Jeff Regester, instructor of physics and astronomy in the Wanek School of Natural Sciences at High Point University, recently captured data in support of the NASA mission called Lucy. Regester worked with more than 100 other scientists to prepare for the Lucy flyby of the Polymele asteroid, which will happen in September 2027. Lucy is a probe that was launched in October 2021 to visit 10 asteroids in the outer solar system.
He traveled to Colorado to help staff at the Southwest Research Institute prepare equipment and train volunteer telescope observers, who operated 94 telescopes spanning 200 kilometers on the ground. The mission was to observe Polymele as it passed in front of a distant star; its shadow was predicted to cross the United States on Feb. 3. Regester says the mission was successful and they were able to collect data in Kansas, which had cloud-free skies on a crucial evening to watch Polymele’s shadow.
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The Lucy asteroid mission will have its first flyby this November and the last in 2033.
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Attorney Dennis Toman, founding partner of The Elderlaw Firm, recently traveled to Tampa, Fla., to meet with 40 other leading elder law attorneys, financial advisors and key staff from across the nation.
Presentations focused on offering top quality planning services for clients, families and or caregivers of those with a dementia diagnosis.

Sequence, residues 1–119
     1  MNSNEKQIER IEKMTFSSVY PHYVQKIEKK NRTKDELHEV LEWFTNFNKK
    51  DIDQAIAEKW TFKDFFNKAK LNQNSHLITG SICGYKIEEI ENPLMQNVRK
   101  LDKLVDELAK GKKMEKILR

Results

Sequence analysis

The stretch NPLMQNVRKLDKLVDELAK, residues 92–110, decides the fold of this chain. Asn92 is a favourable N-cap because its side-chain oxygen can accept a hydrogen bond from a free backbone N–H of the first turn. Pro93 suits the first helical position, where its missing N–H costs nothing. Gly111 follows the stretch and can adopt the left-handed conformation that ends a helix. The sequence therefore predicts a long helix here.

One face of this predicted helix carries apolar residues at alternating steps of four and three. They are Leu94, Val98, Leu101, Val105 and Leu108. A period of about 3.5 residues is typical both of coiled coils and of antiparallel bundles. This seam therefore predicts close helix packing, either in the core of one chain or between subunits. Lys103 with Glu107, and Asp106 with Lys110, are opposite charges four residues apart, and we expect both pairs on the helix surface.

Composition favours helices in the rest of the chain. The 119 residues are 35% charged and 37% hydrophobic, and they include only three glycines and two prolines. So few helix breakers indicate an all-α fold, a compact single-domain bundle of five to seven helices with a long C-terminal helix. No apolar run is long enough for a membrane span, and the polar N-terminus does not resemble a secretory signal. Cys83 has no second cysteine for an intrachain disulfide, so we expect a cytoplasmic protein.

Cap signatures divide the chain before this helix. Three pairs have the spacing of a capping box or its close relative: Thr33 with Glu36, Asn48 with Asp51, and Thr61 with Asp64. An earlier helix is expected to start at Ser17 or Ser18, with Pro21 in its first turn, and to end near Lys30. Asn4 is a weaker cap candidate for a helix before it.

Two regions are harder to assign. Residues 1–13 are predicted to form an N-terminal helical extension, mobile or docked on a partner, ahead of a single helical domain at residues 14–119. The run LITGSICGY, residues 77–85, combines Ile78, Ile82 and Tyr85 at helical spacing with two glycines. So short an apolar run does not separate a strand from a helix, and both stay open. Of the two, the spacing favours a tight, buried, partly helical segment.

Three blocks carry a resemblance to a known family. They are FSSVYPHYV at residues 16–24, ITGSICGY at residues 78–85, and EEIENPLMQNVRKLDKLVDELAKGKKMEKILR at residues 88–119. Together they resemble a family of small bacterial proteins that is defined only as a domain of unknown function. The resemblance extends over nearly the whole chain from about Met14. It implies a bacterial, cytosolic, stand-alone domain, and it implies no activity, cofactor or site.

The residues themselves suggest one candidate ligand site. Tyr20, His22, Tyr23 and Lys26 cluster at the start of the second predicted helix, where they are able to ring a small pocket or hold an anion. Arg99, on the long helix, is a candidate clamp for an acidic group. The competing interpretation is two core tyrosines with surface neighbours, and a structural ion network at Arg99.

Guest speakers included Julie Steinbacher, a leading elder law attorney across the United States, Dr. David Bernstein who has more than 40 years of experience in geriatric medicine, and Don Quante, a leading expert in effective long term care policies across the world.
Networking events and open feedback sessions were held for each attendee to have a chance to engage with the other leading professionals in attendance. Toman feels there is much to gain from professional networking events. According to Toman, “The information shared by the presenters and among the attendees was invaluable. We’ll put this knowledge to good use, to better serve our clients. At the end of the day, that is what we are striving to do: effectively and efficiently assist our clients in preparing them for their second half of life.”
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Ellis & Winters has recognized partner Andrew Chamberlin for his recognition in the Who’s Who Legal: Life Sciences 2023 report of the highest-ranking Life Sciences lawyers.
Chamberlin was named “Lawyer of the Year,” by The Best Lawyers in America for Personal Injury Litigation Defense in the North Carolina Triad area for 2021 and 2022. He is the immediate past president and a current board member of the International Association of Defense Counsel.
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The Orange County Historical Museum has invited local author and historian C. Michael Briggs to give his program, “North Carolina Schools of Longrifles and Powder Horns” at 3 p.m. March 25. The program will be held at the Eagle Masonic Lodge Auditorium at 142 W. King Street in Hillsborough. The museum is charging $20 to attend and refreshments will be served.
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Wayne Drumheller and Mary Archer are the featured artists and photographers this month at the Burlington Artists League Gallery in the Holly Hill Mall.